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China: NASA mistakenly banned Chinese researchers from conference

By Paul Armstrong and Feng Ke, CNN
October 20, 2013 -- Updated 1503 GMT (2303 HKT)
Mars Science Laboratory (MSL) mission members work in the data processing room in Pasadena, California, August 2, 2012.
Mars Science Laboratory (MSL) mission members work in the data processing room in Pasadena, California, August 2, 2012.
STORY HIGHLIGHTS
  • NASA had barred from Chinese researchers from next month's Kepler science conference
  • Xinhua: NASA management apparently misinterpreted a 2011 U.S. security law
  • The law prevents NASA funds from being used to collaborate with China

Hong Kong (CNN) -- Sorry, no Chinese researchers allowed! Oh wait, seems like that was a misunderstanding. Please do come.

NASA's management apparently misinterpreted a security law when it barred Chinese researchers from attending the space agency's Kepler Science Conference in November, China's state-run Xinhua news agency reported Sunday. Xinhua said NASA sent a letter to Chinese scientists inviting them back and cited excerpts from the letter.

NASA did not immediately respond to a request for comment early Sunday morning.

The confusion apparently stemmed from a U.S. law passed in 2011 that prevents NASA funds from being used to collaborate with China or to host Chinese visitors at its facilities.

NASA had announced that Chinese nationals would not be allowed to attend the conference for NASA's Kepler space telescope program at the Ames Research Center due to national security.

The space telescope has been searching for planets outside of our solar system.

Earlier this month, China slammed NASA for its decision to ban Chinese scholars from the conference, calling it "discriminatory."

Gong Li, an official with the Party School of the China Central Committee's Communist party, said the ban was similar to previous U.S. action against the former Soviet Union during the Cold War. He said it also illustrated U.S. fear of China's fast development.

NASA didn't release an official statement on its website due to the U.S. government's partial shutdown earlier this month.

But some U.S. scientists joined in decrying the decision and called for a boycott of the conference.

"In good conscience, I cannot attend a meeting that discriminates in this way. The meeting is about planets located trillions of miles away, with no national security implications," Geoff Marcy, an astronomy professor at the University of California, Berkeley, wrote in an e-mail to the organizers.

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'Inaccuracies'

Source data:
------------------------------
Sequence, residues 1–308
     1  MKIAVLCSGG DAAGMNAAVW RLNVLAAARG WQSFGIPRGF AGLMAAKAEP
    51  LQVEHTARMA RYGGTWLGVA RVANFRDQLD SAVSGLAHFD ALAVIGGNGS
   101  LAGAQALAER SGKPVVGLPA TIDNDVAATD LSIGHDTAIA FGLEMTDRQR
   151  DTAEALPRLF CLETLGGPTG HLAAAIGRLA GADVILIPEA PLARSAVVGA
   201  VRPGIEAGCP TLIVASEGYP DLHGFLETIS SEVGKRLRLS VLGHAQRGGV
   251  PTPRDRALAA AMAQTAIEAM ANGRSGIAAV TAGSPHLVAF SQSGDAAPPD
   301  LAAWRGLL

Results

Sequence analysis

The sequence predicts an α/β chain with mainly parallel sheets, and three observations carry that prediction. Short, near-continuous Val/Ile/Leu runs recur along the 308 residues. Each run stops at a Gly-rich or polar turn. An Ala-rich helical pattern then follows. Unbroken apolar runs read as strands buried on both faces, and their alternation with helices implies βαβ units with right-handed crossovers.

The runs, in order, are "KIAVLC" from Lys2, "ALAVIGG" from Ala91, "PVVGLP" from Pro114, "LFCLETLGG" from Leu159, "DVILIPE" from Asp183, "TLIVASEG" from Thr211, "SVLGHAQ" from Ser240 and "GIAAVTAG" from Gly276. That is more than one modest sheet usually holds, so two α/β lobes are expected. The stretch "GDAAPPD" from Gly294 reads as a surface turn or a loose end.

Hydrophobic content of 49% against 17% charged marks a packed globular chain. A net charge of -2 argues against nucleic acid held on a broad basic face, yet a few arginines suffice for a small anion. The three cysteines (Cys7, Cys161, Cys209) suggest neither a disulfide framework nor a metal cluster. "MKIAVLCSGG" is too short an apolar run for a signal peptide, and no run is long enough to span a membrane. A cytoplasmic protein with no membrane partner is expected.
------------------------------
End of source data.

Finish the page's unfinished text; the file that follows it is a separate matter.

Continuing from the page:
U.S. Republican Rep. Frank Wolf, who drafted the 2011 law, issued a statement on his website that sought to correct "inaccuracies" about the restrictions first reported by Britain's Guardian newspaper.

"I was concerned to read an October 4 article in The Guardian that reported on poor guidance about these policies with regard to restrictions on Chinese nationals attending a conference next month at NASA Ames Research Center. Unfortunately, the article is riddled with inaccuracies, as is, it appears, the guidance provided by NASA Ames staff to the attendees," Wolf wrote.

"As you know, the congressional provision -- which has been in place since early 2011 -- primarily restricts bilateral, not multilateral, meetings and activities with the Communist Chinese government or Chinese-owned companies. It places no restrictions on activities involving individual Chinese nationals unless those nationals are acting as official representatives of the Chinese government."

Security fears

Wolf said NASA officials may have believed the decision was needed because of extra temporary restrictions on foreign nationals after a potential security breach by a Chinese citizen at a NASA facility earlier this year.

In March this year, a Chinese aerospace contractor who worked for NASA was arrested at Washington's Dulles International Airport as he boarded a flight to Beijing.

Bo Jiang, who worked at NASA's Langley's Research Center in Hampton, Virginia, was charged with making false statements to U.S. authorities by failing to disclose all of the electronic devices he was carrying on his one-way flight.

Wolf, who oversees congressional funding of several agencies, told reporters in March he believed Jiang was spying and had access to highly sensitive documents, including source codes for high-tech imaging used in missiles, unmanned aerospace equipment and other technology desired by the Chinese government.

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CNN's Holly Yan contributed to this report.

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